What we didn't learn in history class

Buffalo soldiers
Buffalo soldiers pose for a photo in 1890 in Ft. Keogh, Mont. "Buffalo soldiers" were Black military men who served in the U.S. Army after the Civil War.
Library of Congress file

Many Minnesotans are reexamining what they learned in their history textbooks and what was left out, like Juneteenth and the Tulsa Race Massacre of 1921.

While this isn’t a new conversation, more educators are starting to rethink how to teach a more complete history of the United States that includes experiences from Black and Indigenous people and other communities of color.

Also during the hour, Davis will chat with the co-editor of “Minnesota's Black Community in the 21st Century,” a new book published by the Minnesota Historical Society Press.

Guests:

  • Ramona Stately is an enrolled member of the Santee-Sioux Nation and is a former American Indian culture and language specialist at Osseo Area Schools. She is now with the nonprofit "We Are Still Here MN” which works to change the narrative of Indigenous people in Minnesota.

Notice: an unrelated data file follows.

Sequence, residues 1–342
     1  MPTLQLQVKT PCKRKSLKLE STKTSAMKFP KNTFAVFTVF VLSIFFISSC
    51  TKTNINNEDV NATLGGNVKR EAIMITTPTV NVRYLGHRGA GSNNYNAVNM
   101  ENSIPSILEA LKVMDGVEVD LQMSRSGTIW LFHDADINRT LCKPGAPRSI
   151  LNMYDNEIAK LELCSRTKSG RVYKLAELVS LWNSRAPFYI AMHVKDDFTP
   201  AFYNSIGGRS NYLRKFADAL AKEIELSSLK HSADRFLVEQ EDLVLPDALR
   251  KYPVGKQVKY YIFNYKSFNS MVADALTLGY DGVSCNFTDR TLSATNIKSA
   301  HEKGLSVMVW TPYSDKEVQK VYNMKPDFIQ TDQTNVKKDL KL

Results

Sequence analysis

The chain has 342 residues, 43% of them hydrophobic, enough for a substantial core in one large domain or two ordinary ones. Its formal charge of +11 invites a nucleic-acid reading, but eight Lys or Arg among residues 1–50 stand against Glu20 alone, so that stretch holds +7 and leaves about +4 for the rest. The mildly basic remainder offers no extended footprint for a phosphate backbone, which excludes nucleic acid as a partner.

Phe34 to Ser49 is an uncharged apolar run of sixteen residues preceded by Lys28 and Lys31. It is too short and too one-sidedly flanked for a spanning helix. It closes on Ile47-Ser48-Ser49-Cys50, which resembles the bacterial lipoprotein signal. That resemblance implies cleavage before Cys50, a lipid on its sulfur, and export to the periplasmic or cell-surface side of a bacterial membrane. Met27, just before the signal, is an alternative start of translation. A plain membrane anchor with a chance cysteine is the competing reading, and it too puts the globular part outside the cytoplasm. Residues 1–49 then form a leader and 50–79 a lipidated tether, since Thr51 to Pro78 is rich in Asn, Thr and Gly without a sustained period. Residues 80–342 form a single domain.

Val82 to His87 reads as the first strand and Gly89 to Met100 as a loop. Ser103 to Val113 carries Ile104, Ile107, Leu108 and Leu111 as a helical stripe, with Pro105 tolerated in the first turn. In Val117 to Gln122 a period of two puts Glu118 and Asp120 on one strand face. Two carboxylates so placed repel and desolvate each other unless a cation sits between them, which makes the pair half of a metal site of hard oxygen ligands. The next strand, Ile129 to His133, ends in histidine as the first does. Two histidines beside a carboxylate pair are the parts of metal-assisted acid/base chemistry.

• Courtney Bell is the founder Courtney S. Bell Consulting LLC and former program manager of culturally relevant instruction at St. Paul Public Schools. She’s also a former high school social studies teacher.

  • Angela Bianco is a fourth grade teacher at Matoska International IB World School in White Bear Lake.

  • Professor Chaunda L. Scott is co-editor of “Minnesota's Black Community in the 21st Century,” a book published by the Minnesota Historical Society Press.

Use the audio player above to listen to the program.

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